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children, Detroit River, Detroit skyline, steel mills, river traffic, Ambassador Bridge, dock, deck, stacks, Willie relaxing on a deck chair, binnacle, more of the children, more of the freighters and finally Mackinac Island.  We approach the dock, we see the quaint old town, then the pier, then the captain conning the ship in, and then the SOUTH AMERICAN at the wharf.  On shore it was about the same as before with the carriages and Willie and the children riding around in their little donkey cart.  And some shots of Babbie at the fort.  And that was about it at Mackinac Island.  We were then ready to sail at last onto new seas.
  We steamed eastward to De Tour Passage between the Upper Michigan Peninsula and Drummond Island where we turned north for the run through the various channels and lakes that lead to the St.Mary's River and the Soo Canal with its locks which span the 22 feet of elevation difference between Lake Huron and Lake Superior.  The movies resume with us out on Lake Superior and passing a red lightship.  And there is a shot of the Canadian flag as we traverse some Canadian waters.  And then more freighters and gulls flying.  Then we see the lookout standing at the bow as we plow out into the big lake and finally a shot of the prow of our ship creaming along through the deep water, our first stop Isle Royale near the western end of the lake.  I have traversed the full length of Lake Superior three times and I never fail to be enormously impressed by its size.  Its greatest length is 420 miles and greatest breadth 167 miles with an area of 31,500 sq.m.  Its average depth is about 900 feet and maximum depth 1008 feet or 406 feet below sea level.  It never freezes over but the shore ice prevents winter navigation.  The thing which impressed me most about its size was our return trip in 1941 from Duluth direct to Sault Ste. Marie when we left Duluth about 2:30 p.m. and never saw land again until early evening the following day.  And that is some lake!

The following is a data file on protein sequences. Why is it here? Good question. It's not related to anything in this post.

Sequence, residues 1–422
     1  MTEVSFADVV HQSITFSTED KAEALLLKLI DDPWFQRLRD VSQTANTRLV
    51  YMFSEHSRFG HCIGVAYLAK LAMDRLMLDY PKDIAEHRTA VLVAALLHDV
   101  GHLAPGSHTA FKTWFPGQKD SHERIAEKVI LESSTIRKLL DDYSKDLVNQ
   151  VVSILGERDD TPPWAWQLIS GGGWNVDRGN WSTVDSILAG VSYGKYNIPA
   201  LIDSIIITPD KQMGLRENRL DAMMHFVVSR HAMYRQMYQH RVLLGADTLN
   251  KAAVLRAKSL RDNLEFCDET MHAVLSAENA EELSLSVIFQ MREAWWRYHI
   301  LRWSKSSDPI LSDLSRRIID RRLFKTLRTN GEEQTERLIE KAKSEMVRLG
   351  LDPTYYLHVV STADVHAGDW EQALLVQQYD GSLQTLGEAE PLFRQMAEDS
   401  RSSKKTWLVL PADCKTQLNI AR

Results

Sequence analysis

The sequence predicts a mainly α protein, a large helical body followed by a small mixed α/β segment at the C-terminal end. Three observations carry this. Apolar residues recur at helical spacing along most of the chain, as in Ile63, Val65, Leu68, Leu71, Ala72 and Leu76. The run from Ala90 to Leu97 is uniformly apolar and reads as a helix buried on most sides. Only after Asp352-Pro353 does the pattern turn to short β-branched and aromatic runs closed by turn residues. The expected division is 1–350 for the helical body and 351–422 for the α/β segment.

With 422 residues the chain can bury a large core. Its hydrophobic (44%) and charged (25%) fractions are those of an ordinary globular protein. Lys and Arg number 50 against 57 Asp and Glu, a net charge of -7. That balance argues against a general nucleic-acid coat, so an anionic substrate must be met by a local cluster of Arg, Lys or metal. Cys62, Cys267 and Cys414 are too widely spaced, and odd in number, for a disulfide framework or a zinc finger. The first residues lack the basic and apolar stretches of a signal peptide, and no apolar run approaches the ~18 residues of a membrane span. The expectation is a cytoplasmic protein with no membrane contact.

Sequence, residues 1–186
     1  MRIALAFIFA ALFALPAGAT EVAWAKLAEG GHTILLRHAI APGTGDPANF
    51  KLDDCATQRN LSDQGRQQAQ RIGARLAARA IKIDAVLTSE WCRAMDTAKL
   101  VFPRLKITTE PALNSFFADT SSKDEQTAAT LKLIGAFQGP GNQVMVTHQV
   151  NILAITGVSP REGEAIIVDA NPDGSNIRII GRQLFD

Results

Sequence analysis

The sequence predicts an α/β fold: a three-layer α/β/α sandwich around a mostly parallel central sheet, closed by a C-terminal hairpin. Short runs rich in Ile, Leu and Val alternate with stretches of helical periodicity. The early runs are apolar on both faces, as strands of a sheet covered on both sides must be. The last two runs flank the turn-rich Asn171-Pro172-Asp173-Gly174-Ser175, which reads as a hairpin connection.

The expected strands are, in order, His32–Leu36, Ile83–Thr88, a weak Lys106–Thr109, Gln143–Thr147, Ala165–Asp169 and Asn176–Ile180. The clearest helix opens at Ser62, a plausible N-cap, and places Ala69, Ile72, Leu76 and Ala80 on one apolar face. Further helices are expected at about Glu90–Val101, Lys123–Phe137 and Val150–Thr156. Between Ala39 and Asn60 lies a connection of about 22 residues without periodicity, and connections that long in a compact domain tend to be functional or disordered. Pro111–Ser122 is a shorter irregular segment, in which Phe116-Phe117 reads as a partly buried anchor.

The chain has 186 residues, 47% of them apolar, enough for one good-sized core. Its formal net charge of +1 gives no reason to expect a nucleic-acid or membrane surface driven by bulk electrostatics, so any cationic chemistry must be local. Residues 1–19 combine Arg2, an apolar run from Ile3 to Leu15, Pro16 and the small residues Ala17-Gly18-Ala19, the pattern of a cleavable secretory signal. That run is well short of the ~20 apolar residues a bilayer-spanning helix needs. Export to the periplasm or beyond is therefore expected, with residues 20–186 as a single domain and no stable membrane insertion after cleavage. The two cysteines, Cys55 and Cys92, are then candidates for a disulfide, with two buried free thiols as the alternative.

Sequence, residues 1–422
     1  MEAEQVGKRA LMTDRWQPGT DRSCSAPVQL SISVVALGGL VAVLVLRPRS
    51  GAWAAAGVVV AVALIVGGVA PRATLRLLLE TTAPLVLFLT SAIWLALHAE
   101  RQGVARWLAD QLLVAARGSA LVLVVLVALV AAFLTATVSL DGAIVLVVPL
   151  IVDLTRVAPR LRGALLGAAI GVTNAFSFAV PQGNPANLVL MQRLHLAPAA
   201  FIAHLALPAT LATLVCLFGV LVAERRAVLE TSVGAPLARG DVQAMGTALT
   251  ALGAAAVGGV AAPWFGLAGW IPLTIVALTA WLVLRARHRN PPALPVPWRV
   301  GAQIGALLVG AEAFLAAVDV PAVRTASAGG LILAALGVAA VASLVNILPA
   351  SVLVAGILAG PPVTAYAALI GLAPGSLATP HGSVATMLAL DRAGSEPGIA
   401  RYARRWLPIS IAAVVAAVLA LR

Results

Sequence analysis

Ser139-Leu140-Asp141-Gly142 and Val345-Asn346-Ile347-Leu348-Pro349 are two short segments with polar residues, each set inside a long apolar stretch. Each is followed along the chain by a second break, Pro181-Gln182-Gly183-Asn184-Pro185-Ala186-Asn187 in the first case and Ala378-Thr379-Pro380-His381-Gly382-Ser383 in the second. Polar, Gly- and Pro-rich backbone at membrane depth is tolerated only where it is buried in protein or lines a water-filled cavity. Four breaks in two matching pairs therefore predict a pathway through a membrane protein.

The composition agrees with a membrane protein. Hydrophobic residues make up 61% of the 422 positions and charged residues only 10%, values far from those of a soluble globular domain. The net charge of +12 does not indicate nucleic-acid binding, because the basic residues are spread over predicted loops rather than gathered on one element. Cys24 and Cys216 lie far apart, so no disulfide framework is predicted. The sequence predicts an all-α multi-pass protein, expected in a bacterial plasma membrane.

Isle Royale, which is wholly within American waters and is some 44 miles long, is a national park.  Since the park was established in 1940, we saw it very near its inception.  It was and probably still is a lovely virgin wilderness of some 133,000 acres sitting right out in the middle of the lake in effect.  It is full of extensive forests full of wildlife no longer common on the mainland.  A variety of animals, birds and fish are abundant.  We enjoyed debarking and wandering around the utterly clean and unspoiled place for an hour or so.  It was also a delight to have our ship cruise slowly down through deep channels with vast, deep-green forests on both sides of us and not a thing to spoil it all.  We roamed along the beaches looking for semiprecious stones including Thompsonite and other zeolites and agate.  And we got a good little set of movie shots of Isle Royale that are a pleasure to look at.  It proved to be a most worthwhile stop that I think all of us have remembered over these many years.  Perhaps
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